The New World
Terrence Malick’s 2005 epic poem about the European settlement of Jamestown, the ensuing battles with furious natives, and a legendary cross-cultural love affair depicts the dangers of ambition and the necessity of conscience. With the help of cinematographer Emmanuel Lubezki (Children of Men), Malick captures a sense of the unspoiled beauty that once welcomed pilgrims to this “promised land.”
That beauty seems to speak directly and eloquently to the hearts of the central characters, the surly explorer John Smith (Colin Farrell) and the beautiful young native Rebecca (Q’orianka Kilcher). “What voice is this that speaks within me, guides me towards the best?” asks Smith as he helps his fellow settlers make a start. Enthralled, he has stumbled into love with the natives’ beguiling princess. They bring out the best in each other for a while, their trust expanding to unite the European newcomers and the wary natives. Rebecca thinks Smith is “a god.” He thinks her a treasure.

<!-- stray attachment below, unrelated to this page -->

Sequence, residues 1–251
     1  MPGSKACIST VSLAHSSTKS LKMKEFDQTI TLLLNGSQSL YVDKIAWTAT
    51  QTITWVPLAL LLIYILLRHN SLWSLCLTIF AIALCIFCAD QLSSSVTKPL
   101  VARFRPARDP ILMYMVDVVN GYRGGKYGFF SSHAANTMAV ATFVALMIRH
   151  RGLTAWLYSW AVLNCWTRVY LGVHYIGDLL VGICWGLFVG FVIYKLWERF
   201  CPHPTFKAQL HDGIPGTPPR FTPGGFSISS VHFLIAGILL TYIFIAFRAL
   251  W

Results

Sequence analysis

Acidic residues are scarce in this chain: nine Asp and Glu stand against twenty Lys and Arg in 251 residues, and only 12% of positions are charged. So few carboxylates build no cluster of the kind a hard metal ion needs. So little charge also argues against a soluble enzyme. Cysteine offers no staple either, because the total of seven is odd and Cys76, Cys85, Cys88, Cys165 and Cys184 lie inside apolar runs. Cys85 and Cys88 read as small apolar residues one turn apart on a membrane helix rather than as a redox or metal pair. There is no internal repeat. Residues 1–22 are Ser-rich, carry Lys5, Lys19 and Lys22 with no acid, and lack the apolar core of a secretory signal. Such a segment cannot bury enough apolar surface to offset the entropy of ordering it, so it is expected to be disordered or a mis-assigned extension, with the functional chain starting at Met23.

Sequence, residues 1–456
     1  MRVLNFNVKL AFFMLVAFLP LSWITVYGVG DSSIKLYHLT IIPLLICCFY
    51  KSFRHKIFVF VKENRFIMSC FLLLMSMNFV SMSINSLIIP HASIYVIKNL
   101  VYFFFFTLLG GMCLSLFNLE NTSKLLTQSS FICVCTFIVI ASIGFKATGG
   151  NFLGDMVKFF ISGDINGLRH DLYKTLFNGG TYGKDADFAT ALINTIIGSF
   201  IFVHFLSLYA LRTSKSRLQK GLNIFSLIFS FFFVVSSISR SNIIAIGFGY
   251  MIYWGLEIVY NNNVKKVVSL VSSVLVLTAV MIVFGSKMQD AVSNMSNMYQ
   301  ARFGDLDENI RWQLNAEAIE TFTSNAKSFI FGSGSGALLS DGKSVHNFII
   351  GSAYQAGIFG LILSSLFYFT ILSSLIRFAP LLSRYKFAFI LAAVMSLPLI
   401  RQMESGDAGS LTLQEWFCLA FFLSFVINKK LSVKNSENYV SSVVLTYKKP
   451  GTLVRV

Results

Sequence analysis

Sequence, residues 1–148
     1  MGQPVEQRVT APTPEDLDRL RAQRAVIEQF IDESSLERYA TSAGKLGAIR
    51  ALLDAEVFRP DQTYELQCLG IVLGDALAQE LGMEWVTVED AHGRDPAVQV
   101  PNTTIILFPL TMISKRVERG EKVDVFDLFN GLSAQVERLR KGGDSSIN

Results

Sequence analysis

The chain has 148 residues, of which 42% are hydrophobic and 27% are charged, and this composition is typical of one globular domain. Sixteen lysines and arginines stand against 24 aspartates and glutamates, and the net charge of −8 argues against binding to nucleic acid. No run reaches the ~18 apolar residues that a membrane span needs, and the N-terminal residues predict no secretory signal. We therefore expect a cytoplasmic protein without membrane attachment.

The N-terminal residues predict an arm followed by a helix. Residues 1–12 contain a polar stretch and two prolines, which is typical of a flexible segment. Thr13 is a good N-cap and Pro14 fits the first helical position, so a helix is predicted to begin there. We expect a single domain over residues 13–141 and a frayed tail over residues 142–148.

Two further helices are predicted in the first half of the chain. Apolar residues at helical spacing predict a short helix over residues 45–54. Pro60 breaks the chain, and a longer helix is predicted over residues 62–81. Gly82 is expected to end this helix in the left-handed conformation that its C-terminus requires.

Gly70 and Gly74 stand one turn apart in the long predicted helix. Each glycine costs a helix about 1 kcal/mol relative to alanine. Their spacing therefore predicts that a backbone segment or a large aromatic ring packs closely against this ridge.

When war breaks out between the untrustworthy English and the panicking Indians, threatening to break this unlikely bond, Smith must fight to survive not only the natives’ attacks but also the betrayals of his own people. But there are other treasures calling this explorer. In time, Rebecca’s heart becomes painfully torn between the ambitious adventurer and a humbler man, a tobacco farmer named John Rolfe (Christian Bale) who promises faithfulness and love. Malick’s movie becomes a hymn to the spirit that moves through the natural world, whispering to us in mystery and metaphor about faithfulness, sustenance, and endurance through hardship and change.